Credit 
8
comments

The Credit Bureau VIP List

I was half-surprised to read about how credit bureaus have a two tiered system when it comes to their credit reports and how they resolve errors. Apparently, the three bureaus are quick to correct errors for the rich and famous, while the rest of us peons get relegated to their automated system that takes months to resolve even the simplest of problems.

According to the NY Times:

The three major agencies, Equifax, Experian and TransUnion, keep a V.I.P. list of sorts, according to consumer lawyers and legal documents, consisting of celebrities, politicians, judges and other influential people. Those on the list — and they may not even realize they are on it — get special help from workers in the United States in fixing mistakes on their credit reports. Any errors are usually corrected immediately, one lawyer said.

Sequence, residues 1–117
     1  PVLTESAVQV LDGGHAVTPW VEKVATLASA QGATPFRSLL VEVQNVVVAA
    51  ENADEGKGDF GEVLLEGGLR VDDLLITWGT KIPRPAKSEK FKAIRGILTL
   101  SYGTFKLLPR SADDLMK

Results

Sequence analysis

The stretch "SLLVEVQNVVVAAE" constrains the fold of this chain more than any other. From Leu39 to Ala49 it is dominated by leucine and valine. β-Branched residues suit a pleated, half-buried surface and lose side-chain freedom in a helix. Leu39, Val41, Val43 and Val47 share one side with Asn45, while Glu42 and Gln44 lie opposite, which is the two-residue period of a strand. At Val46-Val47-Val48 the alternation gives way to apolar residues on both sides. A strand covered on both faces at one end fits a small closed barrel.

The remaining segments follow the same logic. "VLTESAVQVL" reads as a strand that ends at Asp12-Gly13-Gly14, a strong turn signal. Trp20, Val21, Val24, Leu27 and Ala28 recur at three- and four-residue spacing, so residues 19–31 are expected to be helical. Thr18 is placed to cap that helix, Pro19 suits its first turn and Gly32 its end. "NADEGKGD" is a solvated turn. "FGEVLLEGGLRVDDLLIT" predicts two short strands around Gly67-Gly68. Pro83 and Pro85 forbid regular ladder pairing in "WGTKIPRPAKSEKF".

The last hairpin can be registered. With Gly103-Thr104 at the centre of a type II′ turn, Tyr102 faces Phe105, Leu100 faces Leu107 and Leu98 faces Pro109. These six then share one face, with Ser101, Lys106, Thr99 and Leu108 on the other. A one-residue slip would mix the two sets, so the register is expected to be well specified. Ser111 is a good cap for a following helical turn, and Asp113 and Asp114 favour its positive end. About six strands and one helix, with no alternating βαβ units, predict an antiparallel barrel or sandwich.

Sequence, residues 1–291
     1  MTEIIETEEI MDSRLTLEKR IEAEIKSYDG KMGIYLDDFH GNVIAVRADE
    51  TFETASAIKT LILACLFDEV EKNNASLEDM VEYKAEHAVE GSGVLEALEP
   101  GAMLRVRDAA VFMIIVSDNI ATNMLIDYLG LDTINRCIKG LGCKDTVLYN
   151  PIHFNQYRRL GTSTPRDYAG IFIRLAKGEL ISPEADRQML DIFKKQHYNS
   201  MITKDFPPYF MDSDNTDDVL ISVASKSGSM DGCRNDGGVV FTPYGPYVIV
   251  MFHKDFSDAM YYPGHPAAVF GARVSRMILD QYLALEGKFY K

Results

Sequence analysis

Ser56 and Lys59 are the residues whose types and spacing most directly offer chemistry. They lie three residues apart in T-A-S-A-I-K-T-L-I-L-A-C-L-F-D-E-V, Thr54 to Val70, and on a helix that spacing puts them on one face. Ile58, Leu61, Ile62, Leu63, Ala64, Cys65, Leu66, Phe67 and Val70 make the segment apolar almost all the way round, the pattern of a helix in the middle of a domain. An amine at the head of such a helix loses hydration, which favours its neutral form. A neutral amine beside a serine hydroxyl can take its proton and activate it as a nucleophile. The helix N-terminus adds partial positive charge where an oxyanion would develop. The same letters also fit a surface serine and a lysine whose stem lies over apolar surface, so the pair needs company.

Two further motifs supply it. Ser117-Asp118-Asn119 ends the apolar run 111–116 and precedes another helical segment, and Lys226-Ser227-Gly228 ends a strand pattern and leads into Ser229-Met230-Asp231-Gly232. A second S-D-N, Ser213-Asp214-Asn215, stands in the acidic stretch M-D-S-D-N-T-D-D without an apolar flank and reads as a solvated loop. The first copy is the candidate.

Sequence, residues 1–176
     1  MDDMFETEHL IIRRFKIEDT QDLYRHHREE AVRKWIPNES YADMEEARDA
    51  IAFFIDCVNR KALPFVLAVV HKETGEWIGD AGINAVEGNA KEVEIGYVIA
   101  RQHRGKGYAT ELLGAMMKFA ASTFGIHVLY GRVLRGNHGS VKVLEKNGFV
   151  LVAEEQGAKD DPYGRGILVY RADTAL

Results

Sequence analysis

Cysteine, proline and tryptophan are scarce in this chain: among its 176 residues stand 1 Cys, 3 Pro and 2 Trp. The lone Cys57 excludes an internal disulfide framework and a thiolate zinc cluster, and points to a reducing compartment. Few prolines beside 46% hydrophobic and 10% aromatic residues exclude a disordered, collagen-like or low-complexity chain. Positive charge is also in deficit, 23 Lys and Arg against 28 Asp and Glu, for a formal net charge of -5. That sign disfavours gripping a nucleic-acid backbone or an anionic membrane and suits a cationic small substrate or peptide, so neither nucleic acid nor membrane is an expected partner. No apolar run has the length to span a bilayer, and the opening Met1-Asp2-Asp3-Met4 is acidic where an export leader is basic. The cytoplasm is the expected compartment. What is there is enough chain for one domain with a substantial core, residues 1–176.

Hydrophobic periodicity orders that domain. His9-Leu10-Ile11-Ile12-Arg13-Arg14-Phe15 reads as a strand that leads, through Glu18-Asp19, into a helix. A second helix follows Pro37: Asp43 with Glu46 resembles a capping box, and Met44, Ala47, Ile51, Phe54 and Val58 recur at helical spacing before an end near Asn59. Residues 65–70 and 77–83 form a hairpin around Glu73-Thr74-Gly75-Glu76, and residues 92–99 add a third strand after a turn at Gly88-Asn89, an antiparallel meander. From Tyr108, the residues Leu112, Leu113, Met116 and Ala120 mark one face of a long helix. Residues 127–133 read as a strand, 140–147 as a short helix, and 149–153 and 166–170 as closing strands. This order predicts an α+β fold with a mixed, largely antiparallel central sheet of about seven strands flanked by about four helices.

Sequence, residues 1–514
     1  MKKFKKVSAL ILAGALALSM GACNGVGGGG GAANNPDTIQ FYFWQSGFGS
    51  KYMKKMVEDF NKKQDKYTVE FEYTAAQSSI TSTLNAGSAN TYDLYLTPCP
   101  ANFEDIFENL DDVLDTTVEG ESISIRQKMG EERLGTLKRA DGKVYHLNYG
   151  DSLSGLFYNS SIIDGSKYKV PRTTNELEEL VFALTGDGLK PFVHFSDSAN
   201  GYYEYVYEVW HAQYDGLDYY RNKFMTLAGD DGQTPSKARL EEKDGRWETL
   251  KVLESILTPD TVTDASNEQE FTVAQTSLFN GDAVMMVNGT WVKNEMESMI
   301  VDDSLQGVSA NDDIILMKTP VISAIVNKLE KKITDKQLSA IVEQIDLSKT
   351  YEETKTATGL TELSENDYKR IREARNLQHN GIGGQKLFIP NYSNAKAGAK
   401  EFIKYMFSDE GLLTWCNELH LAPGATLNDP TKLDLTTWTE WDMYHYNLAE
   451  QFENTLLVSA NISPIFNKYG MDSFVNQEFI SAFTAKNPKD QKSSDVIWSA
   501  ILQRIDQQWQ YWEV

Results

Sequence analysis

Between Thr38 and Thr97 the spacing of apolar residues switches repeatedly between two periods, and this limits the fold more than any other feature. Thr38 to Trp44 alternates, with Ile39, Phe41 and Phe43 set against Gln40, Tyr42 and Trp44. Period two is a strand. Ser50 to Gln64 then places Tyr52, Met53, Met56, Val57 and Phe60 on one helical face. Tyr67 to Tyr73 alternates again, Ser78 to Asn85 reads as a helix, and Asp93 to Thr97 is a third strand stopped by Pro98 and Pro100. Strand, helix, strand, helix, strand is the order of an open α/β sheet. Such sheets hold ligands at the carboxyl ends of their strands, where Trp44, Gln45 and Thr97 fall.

While the headline of the article is about the VIP list, I felt the most important part was the bit about how they resolve issues. I’m not so naive to think the world is fair and everyone is treated equally – it’s certainly not. However, knowing that all they do it send my request to someone overseas to code it is valuable. (“complaints are often electronically ferried to a subcontractor overseas, where a worker spends, on average, about two minutes figuring out the gist of the matter, boiling it down to a one-to-three-digit computer code that signifies the problem … and sending a dispute form to the creditor to investigate”)